By Dan Balz
Washington Post Staff Writer
Saturday, December 4, 2010; 9:01 PM
In the weeks after his election two years ago, President Obama was often linked to two other presidents, Franklin D. Roosevelt and Abraham Lincoln. Today, Democrats debate whether he should act more like Harry Truman or Bill Clinton to avoid becoming another Jimmy Carter.
Those early associations partly reflected the fact that Obama was coming to office at a time of great national problems, with an economy as weak as any since the Great Depression.
They were fed by Obama's habit of looking to Lincoln, a fellow Illinoisan, for inspiration - though he resisted direct comparisons - right down to the decision to follow the route of Lincoln's final train ride into the capital before his inauguration.
But the comparisons with two of America's greatest presidents also reflected the wildly inflated expectations that accompanied him into the Oval Office. After two difficult years, those are gone for now. Obama now has to fend off suggestions that, like Carter, he is in danger of being a one-term president.
But is it Truman or Clinton who provides the better alternative model? Both of those former Democratic presidents suffered major defeats in their first midterm elections. Truman's Democrats lost 55 House seats in 1946, while Clinton's party lost 54 House seats in 1994. Both came back to win two years later.
Democrats are divided over many things, including which president Obama should emulate as he decides how to respond to the thrashing he and his party suffered in last month's midterms.
Right now there is little goodwill on the left toward the president. Liberals are up in arms amid talk of compromise on extending the George W. Bush tax cuts for all Americans, rather than allowing rates to rise for the wealthiest. They see Obama today as weak, vacillating and lacking either convictions or the gumption to fight for the principles they believe got him elected. They want a fighter in the White House who will put the Republicans in their place.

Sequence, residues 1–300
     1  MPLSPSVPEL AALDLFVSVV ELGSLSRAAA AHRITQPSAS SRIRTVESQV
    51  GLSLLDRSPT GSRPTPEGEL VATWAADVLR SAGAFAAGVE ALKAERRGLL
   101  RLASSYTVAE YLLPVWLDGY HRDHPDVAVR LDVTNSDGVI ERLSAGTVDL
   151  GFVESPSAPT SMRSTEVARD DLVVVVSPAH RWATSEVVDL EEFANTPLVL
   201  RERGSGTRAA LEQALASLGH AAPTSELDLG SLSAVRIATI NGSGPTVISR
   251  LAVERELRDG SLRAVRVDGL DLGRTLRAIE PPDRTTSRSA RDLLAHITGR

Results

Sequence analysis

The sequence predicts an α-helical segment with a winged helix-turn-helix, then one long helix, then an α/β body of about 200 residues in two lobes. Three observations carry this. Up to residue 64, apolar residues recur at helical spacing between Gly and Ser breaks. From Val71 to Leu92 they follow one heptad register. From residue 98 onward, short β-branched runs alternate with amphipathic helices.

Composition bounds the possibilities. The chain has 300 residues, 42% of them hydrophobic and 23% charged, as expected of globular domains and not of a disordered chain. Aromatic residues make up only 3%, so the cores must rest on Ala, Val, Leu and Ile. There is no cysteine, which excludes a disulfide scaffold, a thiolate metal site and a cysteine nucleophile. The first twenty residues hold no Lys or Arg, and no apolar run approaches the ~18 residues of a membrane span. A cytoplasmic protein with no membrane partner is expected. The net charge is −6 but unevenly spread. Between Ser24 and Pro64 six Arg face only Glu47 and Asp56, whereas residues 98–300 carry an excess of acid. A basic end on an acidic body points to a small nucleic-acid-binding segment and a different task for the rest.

Sen. Tom Harkin (D-Iowa), an unabashed liberal, was quoted last week as saying that if Obama caves on tax cuts, "he's going to have a lot of swimming upstream" to do. Liberal blogger Jane Hamsher accused Obama of "cynical charades" in his discussions about a compromise on tax cuts and unemployment insurance. New York Times columnist Paul Krugman called Obama's freeze on federal workers' pay "transparently cynical."
But other Democrats see dangers in a strategy of confrontation and argue that an alternative approach can win back the independent Democrats lost last month.
Liberals may be disillusioned, but they still voted for Democrats in the midterms. Independents defected in significant numbers. Many are worried about the president's policies, and many think he has failed to fulfill his promise to reduce partisanship and change the way Washington works. They want results and expect cooperation between the parties.
What is the right strategy for Obama to regain the political initiative and put his presidency back on track? Should he hold firm, push a liberal agenda and provoke fights with the Republicans, as Truman did? That would reenergize his liberal base and sharpen his profile with the public.